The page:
Suriname national football team

Suriname
Association Surinaamse Voetbal Bond (SVB)
Confederation CONCACAF (North America)
Sub-confederation CFU (Caribbean)
Head coach Dean Gorré
Most caps Marlon Felter (44)
Top scorer Stefano Rijssel (10)
Home stadium André Kamperveen Stadion
FIFA code SUR
First colours
Second colours
FIFA ranking
Current 153 (16 August 2018)
Highest 84 (August 2008)
Lowest 191 (December 2015)
Elo ranking
Current 144 8 (30 August 2018)
Highest 54 (22 July 1934)
Lowest 172 (21 February 2016)
First international
Surinam 1–2 British Guiana 
(Surinam; 28 January 1921)[1]
Biggest win
Surinam 9–0 French Guiana 
(Surinam; 2 March 1947)
Biggest defeat
Aruba 8–1 Surinam
(Surinam; 6 June 1946)
Netherlands 9–2 Surinam
(Surinam; 30 July 1958)
Mexico 8–1 Suriname 
(Mexico; 15 October 1977)
CONCACAF Championship
& Gold Cup
Appearances 2 (first in 1977)
Best result Sixth place, 1977

The Suriname national football team (Dutch: Surinaams voetbalelftal; Sranan Tongo: Sranankondre fubal pluga) represent Suriname in international football. It is controlled by the Surinamese Football Association.

History

Although the former Dutch colony is located in South America, it competes in CONCACAF, together with Guyana and French Guiana. Suriname was one of the founding members of CONCACAF in 1961. Suriname won the CFU Championship in 1978, were runners-up in 1979 and have achieved three fourth place finishes in the CFU Championship/Caribbean Cup. Suriname discourages dual citizenship and Surinamese-Dutch players who have picked up a Netherlands passport – which, crucially, offers legal work status in almost any European league – are barred from selection to the national team.[2] Many Suriname-born players and Dutch-born players of Surinamese descent, like Gerald Vanenburg, Ruud Gullit, Frank Rijkaard, Edgar Davids, Clarence Seedorf, Patrick Kluivert, Ryan Babel, Aron Winter, Georginio Wijnaldum, Jimmy Floyd Hasselbaink and Jeremain Lens have turned out to play for the Dutch national team. In 1999, Humphrey Mijnals, who played for both Suriname and the Netherlands, was elected Surinamese footballer of the century.[3] Another famous player is André Kamperveen, who captained Suriname in the 1940s and was the first Surinamese to play professionally in the Netherlands.

Suriname has participated in the qualifying matches for the FIFA World Cup since 1962, but has never qualified for the finals. Suriname's strongest showing in World Cup qualification was the campaign for the 1978 finals, when the national team reached the final group stage.

Suriname also came second in CONCACAF qualifying for the 1964 Olympics, behind qualifiers Mexico and third in qualifying for the 1980 Olympics, behind qualifiers Costa Rica and United States. The US then boycotted the Moscow Olympics, and were replaced by Cuba in the football tournament, after Suriname opted to boycott the games as well.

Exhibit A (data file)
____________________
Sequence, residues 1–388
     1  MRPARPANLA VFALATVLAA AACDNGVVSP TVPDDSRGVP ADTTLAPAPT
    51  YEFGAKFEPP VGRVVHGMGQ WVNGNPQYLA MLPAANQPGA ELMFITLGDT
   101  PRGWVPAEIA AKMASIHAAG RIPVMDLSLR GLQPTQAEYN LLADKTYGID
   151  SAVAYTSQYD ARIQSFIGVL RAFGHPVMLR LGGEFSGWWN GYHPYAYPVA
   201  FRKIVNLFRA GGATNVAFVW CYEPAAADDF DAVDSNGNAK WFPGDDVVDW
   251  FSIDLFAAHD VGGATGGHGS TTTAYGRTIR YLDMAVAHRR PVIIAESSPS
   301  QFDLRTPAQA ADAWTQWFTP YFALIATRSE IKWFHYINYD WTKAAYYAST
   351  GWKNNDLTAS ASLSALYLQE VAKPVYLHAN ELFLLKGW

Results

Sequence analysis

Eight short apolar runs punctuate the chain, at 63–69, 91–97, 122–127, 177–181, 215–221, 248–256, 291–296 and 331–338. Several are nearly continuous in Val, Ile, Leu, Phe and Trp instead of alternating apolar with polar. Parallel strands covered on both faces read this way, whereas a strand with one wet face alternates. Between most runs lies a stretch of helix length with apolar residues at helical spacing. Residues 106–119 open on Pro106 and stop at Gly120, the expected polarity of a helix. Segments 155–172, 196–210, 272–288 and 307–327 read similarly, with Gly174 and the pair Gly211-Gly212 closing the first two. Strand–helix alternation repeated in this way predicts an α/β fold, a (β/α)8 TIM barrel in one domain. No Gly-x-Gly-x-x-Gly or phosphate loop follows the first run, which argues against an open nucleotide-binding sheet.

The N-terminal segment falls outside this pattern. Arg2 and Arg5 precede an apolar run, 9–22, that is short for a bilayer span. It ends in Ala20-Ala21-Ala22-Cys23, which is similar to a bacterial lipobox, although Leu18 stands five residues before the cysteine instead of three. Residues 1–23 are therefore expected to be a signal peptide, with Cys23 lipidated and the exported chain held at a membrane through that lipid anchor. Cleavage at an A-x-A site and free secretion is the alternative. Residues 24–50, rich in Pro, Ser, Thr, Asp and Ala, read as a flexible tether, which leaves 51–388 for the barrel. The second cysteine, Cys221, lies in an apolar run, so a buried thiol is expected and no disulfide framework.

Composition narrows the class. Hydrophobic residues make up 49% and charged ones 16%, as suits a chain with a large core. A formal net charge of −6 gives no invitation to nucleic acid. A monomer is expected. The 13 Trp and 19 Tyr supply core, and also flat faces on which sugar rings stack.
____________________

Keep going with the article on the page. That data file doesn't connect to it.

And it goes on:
In 2008 Suriname advanced to the group stage of CONCACAF World Cup qualifying despite using only local players. With their two-leg victory over neighbours Guyana, Suriname moved on to face Haiti, Costa Rica, and El Salvador in the third round.

Inspired by the success of teams with dual nationals, especially Algeria, SVB president John Krishnadath submitted a proposal to the national assembly to allow dual citizenship for athletes with the then-goal of reaching the 2018 FIFA World Cup finals.[4] In order to support this project, a team with professional players of Surinamese origin was assembled and played an exhibition match on 26 December 2014 at the Andre Kamperveen Stadion. The project is managed by Nordin Wooter and David Endt, who have set up a presentation and sent invitations to 100 players of Surinamese origin, receiving 85 positive answers. Dean Gorré was named to coach this special selection. FIFA supported the project and granted insurance for the players and clubs despite the match being unofficial.[5]

As of May 2015, Gorré was the national team coach who oversaw both the official and unofficial teams. The professional team consisted of players willing to commit to Suriname if the dual-citizenship bill was approved, and played two international matches. In 2016, Roberto Gödeken became the head coach once again. In qualification for the 2017 Caribbean Cup, Suriname secured a spot in the third round, but finished second behind Jamaica in their group. However, as one of the three best second place finishers, Suriname advanced to face Trinidad and Tobago and Haiti in the 5th place play-off. Suriname won the match against Trinidad and Tobago, but lost against Haiti, and therefore once again failed to make an appearance in the Concacaf Gold Cup.

Competitive record

CFU Caribbean Cup

CFU Championship & Caribbean Cup
Year Round GP W D[decimal 1] L GS GA
1978Champions330080
1979Runners-up310254
1981Did not qualify------
1983Did not enter------
1985Fourth place302124
1988Did not qualify------
1989Did not enter------
1990Did not qualify------
1991Did not qualify------
1992Group Stage301226
1993Withdrew------
1994Fourth place511258
1995Did not qualify------
1996Fourth place511259
1997Did not enter------
19981999Did not qualify------
2001Group Stage301249
20052017Did not qualify------
Total1 Title2566113140
  1. Draws include knockout matches decided on a penalty shootout.

CCCF Championship

CCCF Championship
Year Round GP W D* L GS GA
1941 to 1957Did not qualify
19604th place411245
1961Did not qualify
Total4th place411245

CONCACAF Gold Cup

CONCACAF Championship & CONCACAF Gold Cup
Year Round GP W D* L GS GA
19631967Did not qualify
1971Withdrew
1973Did not qualify
19776th place5005617
1981Did not qualify
1985Group Stage401329
19891991Did not qualify
1993Withdrew
1996Did not qualify
1998Did not enter
20002002Did not qualify
2002Did not enter
2003Withdrew
20052017Did not qualify
Total6th Place9018826

FIFA World Cup

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